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Special prosecutor, not Beckett, will handle case against Nye County detective

PAHRUMP — Noting what he called a “clear-cut conflict of interest,” a judge on Monday disqualified Nye County District Attorney Bob Beckett from pursuing criminal charges against the sheriff’s detective who arrested him last month.

Senior Judge Robert Estes said he would appoint an outside prosecutor to handle the charges against Detective David Boruchowitz, whom Beckett has accused of abusing his authority and targeting political candidates for harassment.

The same special prosecutor also will decide whether to formally charge Beckett with embezzlement and the other crimes for which he was booked on May 5, the judge said.

“This is so clear-cut it’s not really necessary to dwell on it much,” said Estes, who was called in to settle the matter after Nye County’s two district judges recused themselves because of potential conflicts of interest.

The ruling came at the end of a 90-minute hearing that saw Beckett take the witness stand and his attorney, Leslie Stovall, lodge objection after objection.

Afterward, Beckett said the judge’s decision came as no surprise. “I think he did the fair thing.”

Dogged by negative publicity, the longtime district attorney lost his bid for a fifth four-year term during the June 8 primary, when he finished last out of five Republican candidates.

Beckett said he was “disappointed” by the election results, “but that’s politics.”

He believes the widening legal mess surrounding him probably played “a huge role” in his defeat, but said he is “not angry at anybody” about that.

“I’ve enjoyed my time in Nye County,” said Beckett, who will leave office in early January. “The voters did what they thought was right.”

Beckett’s arrest and the charges he quickly brought against Boruchowitz touched off a nasty public fight between the county’s top prosecutor and its chief law enforcement officer, Sheriff Tony DeMeo.

Now their squabble is threatening to stall or derail dozens of criminal cases in the rural county west of Las Vegas.

Citing public statements Beckett has made accusing Boruchowitz of perjury, attorney Harry Kuehn and his fellow public defenders have filed eight challenges so far in pending cases the detective helped investigate.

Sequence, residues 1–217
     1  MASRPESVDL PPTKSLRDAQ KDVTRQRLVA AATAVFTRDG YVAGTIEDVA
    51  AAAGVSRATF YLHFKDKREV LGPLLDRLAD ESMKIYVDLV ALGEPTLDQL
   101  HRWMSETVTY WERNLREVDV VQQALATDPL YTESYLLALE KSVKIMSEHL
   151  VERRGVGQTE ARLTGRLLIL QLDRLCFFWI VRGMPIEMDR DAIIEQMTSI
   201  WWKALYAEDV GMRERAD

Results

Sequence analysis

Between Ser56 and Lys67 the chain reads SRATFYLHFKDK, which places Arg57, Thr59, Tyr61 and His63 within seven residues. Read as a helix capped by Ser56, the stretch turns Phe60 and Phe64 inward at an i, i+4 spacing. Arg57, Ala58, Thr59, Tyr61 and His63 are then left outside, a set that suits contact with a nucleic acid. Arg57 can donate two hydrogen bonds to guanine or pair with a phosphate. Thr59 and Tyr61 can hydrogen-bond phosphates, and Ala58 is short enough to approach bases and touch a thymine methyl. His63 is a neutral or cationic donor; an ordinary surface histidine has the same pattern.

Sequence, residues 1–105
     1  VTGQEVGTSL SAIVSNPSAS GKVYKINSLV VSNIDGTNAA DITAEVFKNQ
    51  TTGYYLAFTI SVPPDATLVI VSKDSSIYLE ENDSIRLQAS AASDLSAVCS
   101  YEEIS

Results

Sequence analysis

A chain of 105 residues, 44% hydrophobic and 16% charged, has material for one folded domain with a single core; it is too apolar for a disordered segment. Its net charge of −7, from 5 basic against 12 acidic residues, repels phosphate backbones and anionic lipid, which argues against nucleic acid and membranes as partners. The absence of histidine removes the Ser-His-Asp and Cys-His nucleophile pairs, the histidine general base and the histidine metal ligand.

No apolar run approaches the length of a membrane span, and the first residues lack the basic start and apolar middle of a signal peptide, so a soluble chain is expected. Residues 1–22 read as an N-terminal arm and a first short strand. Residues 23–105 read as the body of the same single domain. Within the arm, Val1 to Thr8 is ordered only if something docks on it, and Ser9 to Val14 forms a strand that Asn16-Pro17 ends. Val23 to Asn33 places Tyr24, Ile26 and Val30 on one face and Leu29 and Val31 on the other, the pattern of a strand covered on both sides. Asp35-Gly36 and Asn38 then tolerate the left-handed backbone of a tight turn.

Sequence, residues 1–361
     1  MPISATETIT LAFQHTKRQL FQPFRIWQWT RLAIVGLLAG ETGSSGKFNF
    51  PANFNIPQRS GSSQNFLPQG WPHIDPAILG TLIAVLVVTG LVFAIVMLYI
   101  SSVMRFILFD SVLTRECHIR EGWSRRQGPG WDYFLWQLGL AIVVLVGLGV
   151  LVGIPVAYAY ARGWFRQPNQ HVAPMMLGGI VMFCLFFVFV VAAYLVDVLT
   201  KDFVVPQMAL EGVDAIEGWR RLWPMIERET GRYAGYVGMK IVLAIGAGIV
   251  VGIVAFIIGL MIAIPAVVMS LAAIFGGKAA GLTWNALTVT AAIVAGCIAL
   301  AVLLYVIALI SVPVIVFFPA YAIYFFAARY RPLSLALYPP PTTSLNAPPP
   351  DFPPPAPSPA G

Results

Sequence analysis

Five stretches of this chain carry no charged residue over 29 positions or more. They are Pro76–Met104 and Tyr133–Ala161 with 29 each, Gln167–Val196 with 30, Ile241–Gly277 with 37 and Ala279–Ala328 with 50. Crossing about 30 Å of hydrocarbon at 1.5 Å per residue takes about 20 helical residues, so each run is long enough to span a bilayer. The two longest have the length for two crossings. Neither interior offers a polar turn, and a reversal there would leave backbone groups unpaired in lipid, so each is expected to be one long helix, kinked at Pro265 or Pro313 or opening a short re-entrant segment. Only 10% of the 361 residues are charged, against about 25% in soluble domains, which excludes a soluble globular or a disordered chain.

Estes granted a delay in one of those cases on Monday, after Kuehn argued that his client, on trial for murder, “cannot possibly be fairly prosecuted by parties including a (possibly) proven liar, a suspected liar and two accused felons.”

The attorney said his case might need an outside prosecutor, too.

“If any place should have extra scrutiny, it’s Nye County,” Kuehn told the judge. “As I’ve said to the press, we’re the laughingstock of the known universe.”

Estes stopped short of approving a second special prosecutor, but he echoed some of Kuehn’s criticism of the county.

“From what I’ve seen,” he said, “everyone down here talks to the newspapers more than they ought to instead of doing what they should.”

The judge went on to note the complex and apparently unique nature of the situation, which Nevada legal scholars and historians have called the first arrest of a sitting district attorney in state history.

“This has been kind of a strange day,” Estes said. “There have been issues today I’ve never even read about.”

After the hearing, Kuehn estimated that as many as 100 pending criminal cases could be affected by Beckett’s comments about one of the sheriff’s most active detectives.

“Unless a case doesn’t have Boruchowitz involved, everything is going to get stalled,” he said.

Beckett has denied the accusations against him, which involve a bank account his office set up more than a decade ago for restitution payments from people convicted for writing bad checks.

Boruchowitz, likewise, has denied any wrongdoing and remains on active duty. He sat in the audience during Monday’s hearings, often with a small smile on his face.

Estes did not say when he would name the special prosecutor, but an announcement could come in a matter of days.

The judge said the prosecutor will have the authority to hire his own investigators and clerical staff.

“It’s a pity in these times, but Nye County is going to have to foot the bill for this,” Estes said.

Contact reporter Henry Brean at hbrean@reviewjournal.com or 702-383-0350.

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